The Next Generations
If one could conceivably graph the overall diversity of yeast populations that the average brewer uses as we progress forward through history, it would presumably start taking a nosedive around the end of the 19th century, with perhaps a slight uptick in recent years. The ability to isolate and cryogenically maintain—“domesticate,” in a sense—yeast strains has dramatically slowed their genetic shifts, and this can ultimately be interpreted as a reflection of the commercial realities of our current beer cultures.
Even at our most puristic, we still perceive value in a beer brewed consistently batch after batch.
Speaking about Dogfish Head’s line of Ancient Ales, Calagione said, “one of the liberties that we’ve taken with a lot of these [beers] is we’re going with a single strain of yeast, where, in reality, beers thousands of years ago were almost definitely way more akin to what a lambic would be today.”
There’s been a quiet tradeoff there, and we’re at a point in time where the majority of our commercial beer is brewed with a single strain yielding generally consistent results. In a section of Farmhouse Ales, Yvan De Baets cites a 1920 passage from a beer writer named Marc H. Van Laer, who wrote, “It seems, for example, that if the application of the pure cultures method has improved the average quality of the beer, if it has decreased the chances of infection, it has given us beer with less character than before.”
De Baets goes on to add, with a straightforwardness that’s pretty refreshing, that “the current situation of Belgian beer, some having become caricatures of themselves with their mainstream, standardized flavors, shows us that, unfortunately, Van Laer’s warning was not heeded.” While the historical context of De Baets’ commentary limits it from having quite the same resonance for a predominantly American audience without that same farmhouse brewing culture to fondly look back upon, it still raises an interesting point.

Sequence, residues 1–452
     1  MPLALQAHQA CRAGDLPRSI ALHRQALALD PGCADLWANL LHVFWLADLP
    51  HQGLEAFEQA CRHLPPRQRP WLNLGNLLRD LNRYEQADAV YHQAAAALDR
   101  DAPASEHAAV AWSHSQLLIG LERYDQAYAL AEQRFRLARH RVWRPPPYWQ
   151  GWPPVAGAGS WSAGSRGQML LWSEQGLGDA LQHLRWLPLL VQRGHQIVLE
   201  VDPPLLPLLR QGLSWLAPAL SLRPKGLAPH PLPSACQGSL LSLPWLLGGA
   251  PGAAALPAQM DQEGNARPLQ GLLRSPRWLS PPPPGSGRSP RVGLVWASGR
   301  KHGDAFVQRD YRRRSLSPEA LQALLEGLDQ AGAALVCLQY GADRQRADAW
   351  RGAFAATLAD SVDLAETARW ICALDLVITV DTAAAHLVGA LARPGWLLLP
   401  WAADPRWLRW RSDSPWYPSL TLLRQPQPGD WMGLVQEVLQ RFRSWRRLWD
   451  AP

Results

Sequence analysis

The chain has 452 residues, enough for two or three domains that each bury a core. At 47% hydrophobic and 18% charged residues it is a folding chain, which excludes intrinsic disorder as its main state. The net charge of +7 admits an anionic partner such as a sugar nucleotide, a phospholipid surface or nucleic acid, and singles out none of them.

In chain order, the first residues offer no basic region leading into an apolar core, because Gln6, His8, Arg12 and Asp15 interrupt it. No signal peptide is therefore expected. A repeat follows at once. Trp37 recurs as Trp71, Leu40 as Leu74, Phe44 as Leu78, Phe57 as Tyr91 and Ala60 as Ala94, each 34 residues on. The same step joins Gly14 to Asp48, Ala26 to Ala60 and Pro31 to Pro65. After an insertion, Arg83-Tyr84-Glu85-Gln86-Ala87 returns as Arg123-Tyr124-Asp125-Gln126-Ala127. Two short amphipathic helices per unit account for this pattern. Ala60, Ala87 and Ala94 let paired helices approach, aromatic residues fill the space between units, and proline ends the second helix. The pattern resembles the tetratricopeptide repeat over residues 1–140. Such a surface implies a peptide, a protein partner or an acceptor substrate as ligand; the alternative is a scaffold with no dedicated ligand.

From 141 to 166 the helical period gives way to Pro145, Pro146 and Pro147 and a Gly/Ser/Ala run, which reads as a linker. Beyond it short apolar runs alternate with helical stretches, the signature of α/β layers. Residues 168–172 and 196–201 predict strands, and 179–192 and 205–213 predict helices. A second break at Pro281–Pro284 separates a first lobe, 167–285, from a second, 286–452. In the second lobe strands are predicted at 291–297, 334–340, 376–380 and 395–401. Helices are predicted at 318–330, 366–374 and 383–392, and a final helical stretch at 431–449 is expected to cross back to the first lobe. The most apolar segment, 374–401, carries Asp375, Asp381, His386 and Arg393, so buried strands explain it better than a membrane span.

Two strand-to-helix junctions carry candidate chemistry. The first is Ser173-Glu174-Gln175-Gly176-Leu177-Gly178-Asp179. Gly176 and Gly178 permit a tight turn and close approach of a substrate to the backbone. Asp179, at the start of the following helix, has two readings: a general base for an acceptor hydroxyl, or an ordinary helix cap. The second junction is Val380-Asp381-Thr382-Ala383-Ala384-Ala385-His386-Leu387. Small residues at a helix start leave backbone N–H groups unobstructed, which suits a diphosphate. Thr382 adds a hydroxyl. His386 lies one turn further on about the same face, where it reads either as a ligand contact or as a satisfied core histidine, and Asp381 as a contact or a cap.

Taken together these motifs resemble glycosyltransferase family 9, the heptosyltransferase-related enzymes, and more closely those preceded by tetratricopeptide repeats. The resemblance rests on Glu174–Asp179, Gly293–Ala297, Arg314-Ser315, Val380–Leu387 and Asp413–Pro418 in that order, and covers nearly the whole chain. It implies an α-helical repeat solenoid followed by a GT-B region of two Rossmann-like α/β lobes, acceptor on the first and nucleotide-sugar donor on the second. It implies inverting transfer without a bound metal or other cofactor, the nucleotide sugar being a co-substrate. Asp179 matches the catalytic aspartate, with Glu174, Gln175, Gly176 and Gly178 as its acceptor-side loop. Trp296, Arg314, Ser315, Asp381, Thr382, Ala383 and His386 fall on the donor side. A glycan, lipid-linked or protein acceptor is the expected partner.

Truckloads of different hops. Pallets of specialty malts and adjuncts. One type of yeast?
White Labs and other brewing laboratories offer a number of blended yeast strains (which are generally produced as pure-culture individual strains that are then blended to the appropriate proportions before shipment). Chris White commented, “It’s a fun way for people to diversify their beers even more.” When asked whether breweries were requesting and using the blended strains more frequently, he answered, “it’s on the rise, for sure.” There have been smaller yeast companies popping up recently, such as East Coast Yeast in New Jersey, which specializes in complex blends with names like “BugFarm” and “Saison Brasserie blend.”
Whether these small pieces accurately forecast any larger movements towards greater experimentation and overall complexity in how American craft brewers obtain and utilize different yeast strains remains to be seen. Then again… craft brewers are usually looking for that next envelope to push, and this one seems to be a relatively uncharted landscape right now. It’s implausible that the ways we use yeast will ever return to their pre-19th century status. But occasionally grappling with yeast’s diversity and wildness seems to be an appropriate way to appreciate what they once were in beer’s history, as well as what they can still be today.